Often in Master Chorus Eastside concerts I incorporate a few sing alongs. We included a couple in our Simply Gershwin concert last weekend, and sing alongs play an especially strong role in our All-American Independence Celebration concerts just before the 4th of July. We’ve done this for years, and sometimes I am asked why. After all, it’s quite unusual for sing alongs to be a part of a choral concert.
There are several reasons for inviting our audience to join us in communal singing, but I recently read an article in the April edition of Choral Journal that crystallized one particular aspect of this issue. The article, Exploring Communal Song and Memory Through Historical Hymnody, asks: “Are we losing a culture of song?” It’s a good question to ask.
There have been times and places in American history when communal singing was much more prevalent: in churches, schools, during Christmas, at revival meetings, frontier gatherings, parlors, any place where people met together to share work or worship or education or fun. Tin Pan Alley for example, the training ground for George Gershwin and the source for the sing alongs in our concert, produced sheet music for amateurs to sing and play in their homes. And sing them America did; an entire body of work was fostered that we Americans knew and sang together as a people, not just via Tin Pan Alley, but through churches (even the racially divided American church sang many of the same hymns) and schools as well.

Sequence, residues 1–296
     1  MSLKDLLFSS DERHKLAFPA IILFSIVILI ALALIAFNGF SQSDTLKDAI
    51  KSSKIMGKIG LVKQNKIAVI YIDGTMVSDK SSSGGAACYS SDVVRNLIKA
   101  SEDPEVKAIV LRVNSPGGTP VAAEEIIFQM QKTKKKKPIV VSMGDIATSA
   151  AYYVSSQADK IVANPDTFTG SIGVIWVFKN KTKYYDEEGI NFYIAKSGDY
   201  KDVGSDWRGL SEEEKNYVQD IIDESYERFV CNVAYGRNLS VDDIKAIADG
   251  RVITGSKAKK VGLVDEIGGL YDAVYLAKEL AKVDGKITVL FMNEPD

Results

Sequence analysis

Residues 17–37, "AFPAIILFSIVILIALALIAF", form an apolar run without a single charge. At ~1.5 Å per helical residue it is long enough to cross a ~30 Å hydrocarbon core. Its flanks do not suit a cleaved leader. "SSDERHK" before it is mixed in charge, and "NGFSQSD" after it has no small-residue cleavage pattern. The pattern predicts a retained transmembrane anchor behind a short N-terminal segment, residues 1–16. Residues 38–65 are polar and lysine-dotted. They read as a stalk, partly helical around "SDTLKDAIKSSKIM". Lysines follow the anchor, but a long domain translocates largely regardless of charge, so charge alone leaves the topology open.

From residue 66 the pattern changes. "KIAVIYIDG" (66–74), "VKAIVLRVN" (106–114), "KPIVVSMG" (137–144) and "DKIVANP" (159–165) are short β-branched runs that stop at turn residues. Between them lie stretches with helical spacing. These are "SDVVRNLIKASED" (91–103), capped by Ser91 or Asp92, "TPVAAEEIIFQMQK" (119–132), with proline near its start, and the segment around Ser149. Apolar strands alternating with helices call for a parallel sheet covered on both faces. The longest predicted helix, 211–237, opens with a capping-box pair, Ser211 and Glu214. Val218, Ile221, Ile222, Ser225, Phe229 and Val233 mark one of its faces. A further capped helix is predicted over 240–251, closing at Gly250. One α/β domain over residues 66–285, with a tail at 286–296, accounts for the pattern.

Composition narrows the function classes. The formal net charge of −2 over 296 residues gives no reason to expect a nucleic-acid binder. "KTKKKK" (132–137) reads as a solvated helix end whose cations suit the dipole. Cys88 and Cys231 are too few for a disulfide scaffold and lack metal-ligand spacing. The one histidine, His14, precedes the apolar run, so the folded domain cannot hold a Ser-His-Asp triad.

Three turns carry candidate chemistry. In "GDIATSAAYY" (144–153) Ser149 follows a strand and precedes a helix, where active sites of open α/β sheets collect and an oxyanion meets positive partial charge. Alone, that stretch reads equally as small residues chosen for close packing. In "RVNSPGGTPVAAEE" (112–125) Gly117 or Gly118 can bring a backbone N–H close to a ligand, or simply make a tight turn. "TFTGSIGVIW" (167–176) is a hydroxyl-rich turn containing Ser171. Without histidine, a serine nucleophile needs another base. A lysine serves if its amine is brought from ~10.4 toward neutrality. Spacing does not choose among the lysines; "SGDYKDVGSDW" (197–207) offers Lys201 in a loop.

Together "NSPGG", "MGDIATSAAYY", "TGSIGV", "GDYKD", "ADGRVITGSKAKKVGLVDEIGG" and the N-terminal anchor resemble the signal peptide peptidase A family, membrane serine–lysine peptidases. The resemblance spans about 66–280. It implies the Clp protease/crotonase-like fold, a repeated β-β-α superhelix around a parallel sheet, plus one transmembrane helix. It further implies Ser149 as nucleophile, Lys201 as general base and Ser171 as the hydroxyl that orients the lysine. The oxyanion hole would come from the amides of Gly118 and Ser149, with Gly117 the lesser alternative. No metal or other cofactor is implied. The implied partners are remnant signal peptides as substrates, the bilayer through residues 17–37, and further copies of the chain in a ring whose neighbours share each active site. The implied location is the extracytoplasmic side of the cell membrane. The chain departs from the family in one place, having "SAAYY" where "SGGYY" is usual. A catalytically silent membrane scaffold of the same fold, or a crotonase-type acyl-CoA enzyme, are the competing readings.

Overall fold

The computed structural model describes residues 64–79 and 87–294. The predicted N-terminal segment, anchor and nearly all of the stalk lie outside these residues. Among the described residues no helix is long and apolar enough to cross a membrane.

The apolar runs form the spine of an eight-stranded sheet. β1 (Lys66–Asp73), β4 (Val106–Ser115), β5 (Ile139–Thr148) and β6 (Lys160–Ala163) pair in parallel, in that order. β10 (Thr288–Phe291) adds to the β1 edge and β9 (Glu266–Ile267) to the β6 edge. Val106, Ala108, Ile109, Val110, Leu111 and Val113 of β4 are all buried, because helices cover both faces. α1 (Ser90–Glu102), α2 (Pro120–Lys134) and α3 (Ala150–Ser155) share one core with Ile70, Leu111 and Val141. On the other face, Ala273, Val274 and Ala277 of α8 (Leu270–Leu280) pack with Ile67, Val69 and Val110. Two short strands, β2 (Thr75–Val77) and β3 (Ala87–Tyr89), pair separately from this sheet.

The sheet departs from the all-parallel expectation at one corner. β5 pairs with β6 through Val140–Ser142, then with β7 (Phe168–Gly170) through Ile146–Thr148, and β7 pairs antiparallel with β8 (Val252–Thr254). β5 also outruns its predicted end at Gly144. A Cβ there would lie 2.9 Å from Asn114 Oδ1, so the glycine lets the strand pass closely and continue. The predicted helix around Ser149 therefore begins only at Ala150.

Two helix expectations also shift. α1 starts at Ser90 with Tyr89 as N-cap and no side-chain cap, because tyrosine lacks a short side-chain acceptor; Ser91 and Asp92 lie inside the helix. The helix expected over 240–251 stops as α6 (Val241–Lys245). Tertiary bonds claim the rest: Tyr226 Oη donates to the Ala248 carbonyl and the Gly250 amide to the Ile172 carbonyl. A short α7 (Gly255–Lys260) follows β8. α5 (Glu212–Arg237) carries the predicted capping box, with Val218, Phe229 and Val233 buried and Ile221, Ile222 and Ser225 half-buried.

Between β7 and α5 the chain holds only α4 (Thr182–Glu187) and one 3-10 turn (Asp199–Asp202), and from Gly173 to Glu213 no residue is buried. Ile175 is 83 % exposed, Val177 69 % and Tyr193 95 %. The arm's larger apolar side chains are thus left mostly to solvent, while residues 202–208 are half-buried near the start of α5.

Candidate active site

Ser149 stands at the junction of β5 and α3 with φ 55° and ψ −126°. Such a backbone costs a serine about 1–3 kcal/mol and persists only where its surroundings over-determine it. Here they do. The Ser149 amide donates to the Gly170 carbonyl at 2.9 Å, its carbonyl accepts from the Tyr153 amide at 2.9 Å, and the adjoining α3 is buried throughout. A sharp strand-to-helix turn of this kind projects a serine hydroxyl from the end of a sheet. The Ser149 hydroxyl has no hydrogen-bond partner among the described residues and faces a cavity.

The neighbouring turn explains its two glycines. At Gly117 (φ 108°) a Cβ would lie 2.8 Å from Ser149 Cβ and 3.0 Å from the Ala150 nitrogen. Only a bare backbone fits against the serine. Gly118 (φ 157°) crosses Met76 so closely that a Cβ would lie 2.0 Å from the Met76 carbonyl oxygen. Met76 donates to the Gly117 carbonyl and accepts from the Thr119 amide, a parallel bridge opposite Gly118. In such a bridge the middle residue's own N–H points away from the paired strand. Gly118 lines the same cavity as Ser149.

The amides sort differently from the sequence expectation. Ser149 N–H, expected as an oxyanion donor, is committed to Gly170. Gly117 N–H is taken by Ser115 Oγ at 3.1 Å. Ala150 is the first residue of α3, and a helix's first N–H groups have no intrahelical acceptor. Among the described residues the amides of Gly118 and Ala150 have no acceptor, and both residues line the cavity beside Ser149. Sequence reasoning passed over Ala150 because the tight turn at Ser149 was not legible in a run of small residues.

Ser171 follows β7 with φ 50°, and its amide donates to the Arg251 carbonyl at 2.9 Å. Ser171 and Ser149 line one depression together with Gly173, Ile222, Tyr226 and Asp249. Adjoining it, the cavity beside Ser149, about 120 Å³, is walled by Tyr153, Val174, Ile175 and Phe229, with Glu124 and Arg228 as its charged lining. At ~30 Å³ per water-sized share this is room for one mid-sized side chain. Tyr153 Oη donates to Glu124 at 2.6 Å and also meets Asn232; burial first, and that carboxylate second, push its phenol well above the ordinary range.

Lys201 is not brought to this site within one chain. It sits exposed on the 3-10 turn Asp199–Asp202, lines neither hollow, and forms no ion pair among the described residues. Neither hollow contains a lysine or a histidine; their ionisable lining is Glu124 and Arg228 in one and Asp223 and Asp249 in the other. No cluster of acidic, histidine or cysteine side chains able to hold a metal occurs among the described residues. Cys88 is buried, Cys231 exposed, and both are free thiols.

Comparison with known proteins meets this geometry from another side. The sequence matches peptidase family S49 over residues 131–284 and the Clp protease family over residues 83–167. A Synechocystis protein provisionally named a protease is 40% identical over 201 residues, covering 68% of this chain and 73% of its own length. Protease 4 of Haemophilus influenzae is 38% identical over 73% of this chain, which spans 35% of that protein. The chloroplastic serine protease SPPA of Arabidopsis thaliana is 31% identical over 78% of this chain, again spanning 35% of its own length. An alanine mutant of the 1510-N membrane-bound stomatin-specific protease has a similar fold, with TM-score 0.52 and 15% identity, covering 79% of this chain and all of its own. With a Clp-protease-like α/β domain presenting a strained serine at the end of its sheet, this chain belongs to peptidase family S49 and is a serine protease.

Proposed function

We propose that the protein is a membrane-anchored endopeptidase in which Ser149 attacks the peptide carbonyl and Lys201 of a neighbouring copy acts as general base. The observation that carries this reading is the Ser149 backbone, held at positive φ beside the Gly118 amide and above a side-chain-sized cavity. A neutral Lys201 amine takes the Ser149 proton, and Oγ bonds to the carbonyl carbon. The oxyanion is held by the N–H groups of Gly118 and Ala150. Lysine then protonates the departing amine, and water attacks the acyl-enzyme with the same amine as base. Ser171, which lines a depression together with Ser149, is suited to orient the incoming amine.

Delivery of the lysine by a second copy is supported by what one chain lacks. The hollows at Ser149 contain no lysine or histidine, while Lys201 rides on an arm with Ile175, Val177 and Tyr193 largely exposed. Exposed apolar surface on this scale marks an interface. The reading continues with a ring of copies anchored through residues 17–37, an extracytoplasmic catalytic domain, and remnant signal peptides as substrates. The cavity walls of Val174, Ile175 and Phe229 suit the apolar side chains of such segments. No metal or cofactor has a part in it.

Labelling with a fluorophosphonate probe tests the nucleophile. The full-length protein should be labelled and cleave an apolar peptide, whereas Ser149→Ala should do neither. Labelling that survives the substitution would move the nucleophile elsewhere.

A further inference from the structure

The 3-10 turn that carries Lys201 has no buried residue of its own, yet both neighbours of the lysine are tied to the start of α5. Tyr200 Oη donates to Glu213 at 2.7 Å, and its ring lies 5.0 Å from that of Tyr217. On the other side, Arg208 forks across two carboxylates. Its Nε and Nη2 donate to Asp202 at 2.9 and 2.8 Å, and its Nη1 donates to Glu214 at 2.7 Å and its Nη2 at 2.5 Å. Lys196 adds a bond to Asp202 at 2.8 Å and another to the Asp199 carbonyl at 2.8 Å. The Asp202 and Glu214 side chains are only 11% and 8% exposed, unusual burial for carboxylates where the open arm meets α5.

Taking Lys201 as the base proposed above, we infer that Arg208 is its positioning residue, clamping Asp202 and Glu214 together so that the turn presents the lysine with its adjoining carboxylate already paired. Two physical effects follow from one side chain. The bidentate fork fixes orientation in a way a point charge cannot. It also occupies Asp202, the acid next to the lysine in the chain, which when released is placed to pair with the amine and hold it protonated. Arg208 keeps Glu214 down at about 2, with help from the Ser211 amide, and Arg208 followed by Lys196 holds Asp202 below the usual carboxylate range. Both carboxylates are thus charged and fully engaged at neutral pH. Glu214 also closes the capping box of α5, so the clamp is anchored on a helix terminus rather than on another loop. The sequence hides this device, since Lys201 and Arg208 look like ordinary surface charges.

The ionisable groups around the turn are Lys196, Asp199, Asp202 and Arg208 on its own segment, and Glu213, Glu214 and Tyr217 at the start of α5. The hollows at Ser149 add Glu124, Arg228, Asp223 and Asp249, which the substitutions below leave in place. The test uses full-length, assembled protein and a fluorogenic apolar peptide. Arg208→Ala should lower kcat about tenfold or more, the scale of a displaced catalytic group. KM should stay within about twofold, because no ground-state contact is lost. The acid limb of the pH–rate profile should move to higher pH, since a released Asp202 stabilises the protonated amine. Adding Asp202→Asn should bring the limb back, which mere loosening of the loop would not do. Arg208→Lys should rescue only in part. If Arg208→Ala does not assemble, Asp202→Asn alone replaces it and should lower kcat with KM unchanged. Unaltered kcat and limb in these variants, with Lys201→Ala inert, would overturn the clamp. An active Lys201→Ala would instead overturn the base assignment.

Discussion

These songs and hymns still exist today, but I fear they are fading. The article mentions an eight-year-old girl who knows shocking pop-song lyrics but doesn’t know Silent Night. Music making has become increasingly electronic, concertized, media-driven, powered by amplifiers, and microphone oriented. More and more we sit and listen as others make music. We have a wealth of music at our finger tips, we can download almost any song we want, but…but…but… what are we losing? A phrase surfaced in this article, a chapter title from a book (by Gabe Huck) that really grabbed my attention: Surrounded by Music, Robbed of Song.
Robbed of song; it’s a disturbing thought. Is it true? I don’t know for sure, but I hope not. At our Independence shows we invite the audience to join us in songs such as Yankee Doodle, I’ve Been Working on the Railroad, Skip to My Lou, This Land is Your Land, and the audience always responds heartily. At our Gershwin concert nearly everyone sang our Tin Pan Alley picks.
Perhaps all is not lost yet. As long as we are singing together, there is hope. So join in with the great Al Jolson and sing the Tin Pan Alley hit, By the Light of the Silvery Moon! And invite your family to sing too!
Dr. Linda Gingrich
Artistic director and conductor
Master Chorus Eastside